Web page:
ST. PETERSBURG, January 16 (RIA Novosti) - The British Council's office in St. Petersburg suspended work on Wednesday after Russian officials interviewed its staff and allegedly detained the head of the office.
Russia ordered that the Council's regional offices be closed over alleged tax violations from the start of this year, but the offices in St. Petersburg and Yekaterinburg in the Urals resumed work after the New Year holidays in defiance of the ban, a move that Moscow called a provocation.
The British government has denied that its cultural arm has violated Russian law.
A spokeswoman for the Moscow British Council office said on Wednesday that Russian employees of the St. Petersburg and Yekaterinburg offices had been summoned for "interviews" with Russian security officials. The U.K. Foreign Office has opened a probe into the questioning, condemning any attempts to threaten the Council staff.
The Russian Federal Security Service said on Tuesday that the interviews were designed to "save Russian staff from any possible provocations."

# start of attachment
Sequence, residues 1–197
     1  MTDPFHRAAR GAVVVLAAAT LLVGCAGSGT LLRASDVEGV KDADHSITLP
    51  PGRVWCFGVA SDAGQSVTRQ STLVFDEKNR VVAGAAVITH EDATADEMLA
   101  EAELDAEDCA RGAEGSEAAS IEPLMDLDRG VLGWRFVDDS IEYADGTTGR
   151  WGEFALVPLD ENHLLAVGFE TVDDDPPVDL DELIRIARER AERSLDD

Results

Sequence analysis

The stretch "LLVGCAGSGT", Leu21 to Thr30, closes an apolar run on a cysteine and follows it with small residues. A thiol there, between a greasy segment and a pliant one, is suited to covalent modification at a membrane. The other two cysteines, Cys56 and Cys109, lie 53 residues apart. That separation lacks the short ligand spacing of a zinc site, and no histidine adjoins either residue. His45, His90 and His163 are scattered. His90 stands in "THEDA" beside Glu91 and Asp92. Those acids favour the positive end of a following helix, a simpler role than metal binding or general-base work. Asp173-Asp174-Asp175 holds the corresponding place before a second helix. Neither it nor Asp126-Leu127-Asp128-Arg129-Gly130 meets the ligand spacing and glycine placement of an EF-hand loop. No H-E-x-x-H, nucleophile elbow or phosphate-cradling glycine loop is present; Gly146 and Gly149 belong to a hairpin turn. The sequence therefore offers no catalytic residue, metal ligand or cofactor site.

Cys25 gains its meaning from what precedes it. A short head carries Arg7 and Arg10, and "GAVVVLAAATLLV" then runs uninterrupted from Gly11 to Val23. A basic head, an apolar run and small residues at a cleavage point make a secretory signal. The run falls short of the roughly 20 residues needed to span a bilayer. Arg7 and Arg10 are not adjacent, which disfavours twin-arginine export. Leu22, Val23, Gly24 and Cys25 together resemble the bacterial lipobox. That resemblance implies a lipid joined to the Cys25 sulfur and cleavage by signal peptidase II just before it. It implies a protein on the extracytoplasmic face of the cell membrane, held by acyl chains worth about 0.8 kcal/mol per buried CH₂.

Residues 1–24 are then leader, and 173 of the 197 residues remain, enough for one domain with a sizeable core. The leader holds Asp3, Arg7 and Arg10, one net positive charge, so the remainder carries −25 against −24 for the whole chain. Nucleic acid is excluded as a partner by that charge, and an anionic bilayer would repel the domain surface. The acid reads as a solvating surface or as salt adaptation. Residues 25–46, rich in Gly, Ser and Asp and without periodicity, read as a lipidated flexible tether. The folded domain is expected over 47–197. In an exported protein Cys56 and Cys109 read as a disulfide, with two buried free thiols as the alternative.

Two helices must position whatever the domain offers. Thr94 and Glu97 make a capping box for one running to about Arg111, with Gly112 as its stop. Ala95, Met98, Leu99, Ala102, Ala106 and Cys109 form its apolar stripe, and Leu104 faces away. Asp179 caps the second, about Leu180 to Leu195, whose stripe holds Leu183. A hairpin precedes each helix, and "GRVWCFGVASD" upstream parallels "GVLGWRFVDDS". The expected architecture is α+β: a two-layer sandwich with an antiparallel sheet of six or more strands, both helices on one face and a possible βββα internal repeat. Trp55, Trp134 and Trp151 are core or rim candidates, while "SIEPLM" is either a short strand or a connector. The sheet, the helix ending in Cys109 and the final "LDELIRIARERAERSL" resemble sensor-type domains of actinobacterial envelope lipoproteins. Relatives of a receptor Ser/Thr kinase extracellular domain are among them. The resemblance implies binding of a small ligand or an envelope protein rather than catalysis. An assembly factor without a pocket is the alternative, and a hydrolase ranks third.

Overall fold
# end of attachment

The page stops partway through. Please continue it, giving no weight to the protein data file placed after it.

Russia's ambassador to London said today that a solution to the dispute between Russia and the U.K. over the British Council can be reached if Britain shows more respect for Moscow's position.
"A resolution is possible, but we need to gain more respect and avoid further public discussions which under the current circumstances are unhelpful," Yury Fedotov told journalists.
Media reports said Russian police had detained Stephen Kinnock, director of the St. Petersburg office, on Tuesday, citing drunk driving and other traffic violations. The office director is the son of former U.K. Labour Party leader Neil Kinnock, who chairs the British Council.
The British Consulate in St. Petersburg confirmed the detention, but traffic police in St. Petersburg refused to comment on the issue.
The British Council, a non-profit organization which promotes education and cultural programs, first established an office in Moscow in the 1990s and went on to open a further 14 offices across the country. It has been involved in three years of legal wrangling with Russian authorities over the alleged non-payment of tax and issues relating to its legal status.
The Council dispute continues the cold period in London-Moscow relations, aggravated by the murder of Kremlin critic and security service defector Alexander Litvinenko in London in November 2006. In July 2007, London expelled Russian diplomats, imposed visa restrictions and suspended anti-terrorism cooperation with Russia after it refused to extradite the main suspect in the case. Moscow followed suit.